Conflict & Justice

Syrian Americans divided over the conflict


A policeman warns protesters to stop using a blowhorn or risk getting arrested for disturbing the peace as Syrian-Americans gathered in front of the Chinese consulate in Los Angeles on December 16, 2011, to protest against the veto by China and Russia the month prior against a UN Security Council resolution condemning the crackdown by Syrian President Bashar al-Assad.


Frederic J. Brown

BOSTON — They might be thousands of miles away, but for Syrians living in America, the conflict very much hits home.

Separated from their homeland and their families, Syrian Americans are watching apprehensively as their country descends deeper into a civil war that has so far claimed tens of thousands of lives. 

“The Syrian American community follows what is happening, not day by day, but hour by hour, or minute by minute,” said Dr. Mahmoud Khattab, the chairman of the Syrian American Council, the largest Syrian organization in the United States.

While Syrians here find common ground in their desire for an end to the violence, they too are finding themselves divided along the same sectarian lines as their friends and family back home.

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Syrian Christians are anxious that without the stability long provided by Syrian President Bashar al-Assad, they will be vulnerable to persecution from a majority Muslim population that they say has been radicalized by outside forces.

Many Syrian Muslims here, on the other hand, support the Free Syrian Army and wish to see the overthrow of the Assad, who they say has oppressively ruled the country for decades. They want to see more US support for the Free Syrian Army.

“We understand that Bashar will never ever leave power without force,” Khattab said. “That’s the only language that Bashar al-Assad understands, unfortunately.”

Christians, who comprise about 10 percent of Syria’s total population, see the conflict in a different light.

“Syria is very valuable to me and very precious,” said Osama, a Syrian Christian living in Boston. Concerned about the safety of his family in Damascus and Aleppo, he asked that his last name not be used.

While Osama moved to Boston 25 years ago, he visits friends and family in Syria every year. He said he worries that foreign fighters, aligned with groups like Al Qaeda, have poured into Syria since the start of the uprising, and are meddling in the country’s future.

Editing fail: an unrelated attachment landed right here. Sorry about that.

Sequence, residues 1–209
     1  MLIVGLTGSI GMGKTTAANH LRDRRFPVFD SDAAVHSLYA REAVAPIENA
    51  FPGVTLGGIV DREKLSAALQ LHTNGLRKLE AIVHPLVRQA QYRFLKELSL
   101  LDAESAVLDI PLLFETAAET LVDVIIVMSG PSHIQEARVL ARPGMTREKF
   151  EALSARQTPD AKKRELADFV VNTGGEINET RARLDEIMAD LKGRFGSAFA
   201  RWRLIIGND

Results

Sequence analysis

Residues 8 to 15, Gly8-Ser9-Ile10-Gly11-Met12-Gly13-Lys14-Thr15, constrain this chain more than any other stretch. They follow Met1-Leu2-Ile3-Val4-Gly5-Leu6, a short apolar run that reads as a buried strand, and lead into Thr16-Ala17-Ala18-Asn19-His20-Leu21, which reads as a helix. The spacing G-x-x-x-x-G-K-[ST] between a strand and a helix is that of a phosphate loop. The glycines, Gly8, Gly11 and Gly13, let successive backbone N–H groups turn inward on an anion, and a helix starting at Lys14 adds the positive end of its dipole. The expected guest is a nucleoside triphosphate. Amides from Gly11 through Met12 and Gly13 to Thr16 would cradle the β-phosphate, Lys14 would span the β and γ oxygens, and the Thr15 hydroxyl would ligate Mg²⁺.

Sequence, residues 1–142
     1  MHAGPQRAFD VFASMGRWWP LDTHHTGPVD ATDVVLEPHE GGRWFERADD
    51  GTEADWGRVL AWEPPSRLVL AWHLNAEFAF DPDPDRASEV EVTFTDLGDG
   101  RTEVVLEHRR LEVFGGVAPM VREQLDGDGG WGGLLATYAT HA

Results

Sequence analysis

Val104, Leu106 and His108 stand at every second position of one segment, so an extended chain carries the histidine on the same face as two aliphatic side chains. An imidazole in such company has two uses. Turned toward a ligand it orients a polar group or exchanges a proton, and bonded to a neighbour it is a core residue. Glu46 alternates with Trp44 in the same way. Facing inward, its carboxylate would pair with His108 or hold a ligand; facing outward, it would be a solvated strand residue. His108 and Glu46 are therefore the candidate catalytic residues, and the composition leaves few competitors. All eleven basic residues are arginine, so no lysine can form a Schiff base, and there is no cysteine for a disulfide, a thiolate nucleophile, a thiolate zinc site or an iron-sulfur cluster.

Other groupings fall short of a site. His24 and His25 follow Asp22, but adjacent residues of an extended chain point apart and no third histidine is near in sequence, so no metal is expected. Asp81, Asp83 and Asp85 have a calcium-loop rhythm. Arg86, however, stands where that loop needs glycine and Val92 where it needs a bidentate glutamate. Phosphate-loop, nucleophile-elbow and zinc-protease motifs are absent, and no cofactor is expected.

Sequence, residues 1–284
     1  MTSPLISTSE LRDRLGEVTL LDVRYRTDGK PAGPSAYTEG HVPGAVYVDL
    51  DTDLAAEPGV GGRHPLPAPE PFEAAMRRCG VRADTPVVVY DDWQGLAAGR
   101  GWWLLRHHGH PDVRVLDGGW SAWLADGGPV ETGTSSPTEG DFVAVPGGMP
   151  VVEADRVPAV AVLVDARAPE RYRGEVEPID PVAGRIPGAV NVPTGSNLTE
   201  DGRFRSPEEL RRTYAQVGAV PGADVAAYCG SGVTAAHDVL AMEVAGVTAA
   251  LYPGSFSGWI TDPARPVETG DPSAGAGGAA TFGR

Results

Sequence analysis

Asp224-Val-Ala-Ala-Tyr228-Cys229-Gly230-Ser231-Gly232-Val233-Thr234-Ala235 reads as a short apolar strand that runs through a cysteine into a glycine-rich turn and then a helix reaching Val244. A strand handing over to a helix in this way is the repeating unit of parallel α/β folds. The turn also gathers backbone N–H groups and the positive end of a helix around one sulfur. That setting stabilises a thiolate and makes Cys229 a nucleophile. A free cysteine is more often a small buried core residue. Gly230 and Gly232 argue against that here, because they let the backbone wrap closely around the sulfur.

“There are a lot of jihadists and Islamists, and those people are being paid from places like Qatar, Saudi Arabia, Turkey,” he said.

“I’ve seen many countries interfere with Syria and they don’t have [the] right to do that,” said Michael, another Syrian Christian who also asked that his last name not be used.

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The conflict, which began in March 2011, started as peaceful demonstration for political reform. But after the Assad regime viciously cracked down on protesters, the movement transformed into an armed uprising.

“I don’t support the Assad regime,” Osama said. “But at the end of the day, we lived with Assad for 40 years. We were safe. No one burned our churches. The jihadists and the Islamists, they burned our churches and they killed our people.”

For the country’s majority population of Sunni Muslims, however, it is the Assad family that is guilty of sectarian repression. The Assad family belongs to the minority Allawite sect of Shiite Islam, and has drawn on fellow Allawites for most of the top positions in the country.  

The government of Hafez al-Assad, the current president’s father, ordered a massacre of Sunni Muslims after an uprising erupted in 1981 in the restive city of Homs. The memory of the assault remains fresh on the minds of many inside and outside the country. 

“There are millions of Syrians asking for freedom, asking for democracy,” Khattab said. “And Assad chose to slaughter his people in order to stay in power.”

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As part of a campaign to help Syrians back home, organizations like the Syrian American Council, United for a Free Syria and the Syrian Emergency Task Force advocate for US support of the Free Syrian Army.

“We the Syrian American community are frustrated with the American response,” Khattab said. “We are looking for our president and our administration to take real action.”

Though they are against the use of US ground troops, Khattab said many Syrians in the United States support the establishment of no-fly zones by the United States or NATO.

Syrian Christians, however, are wary of such intervention.

“I don’t know what Mr. Obama would do here if somebody came to fight in his country,” Michael said. “He will say ‘OK, OK, take it,’ and he will leave? No, he will bring the army and kill them also.”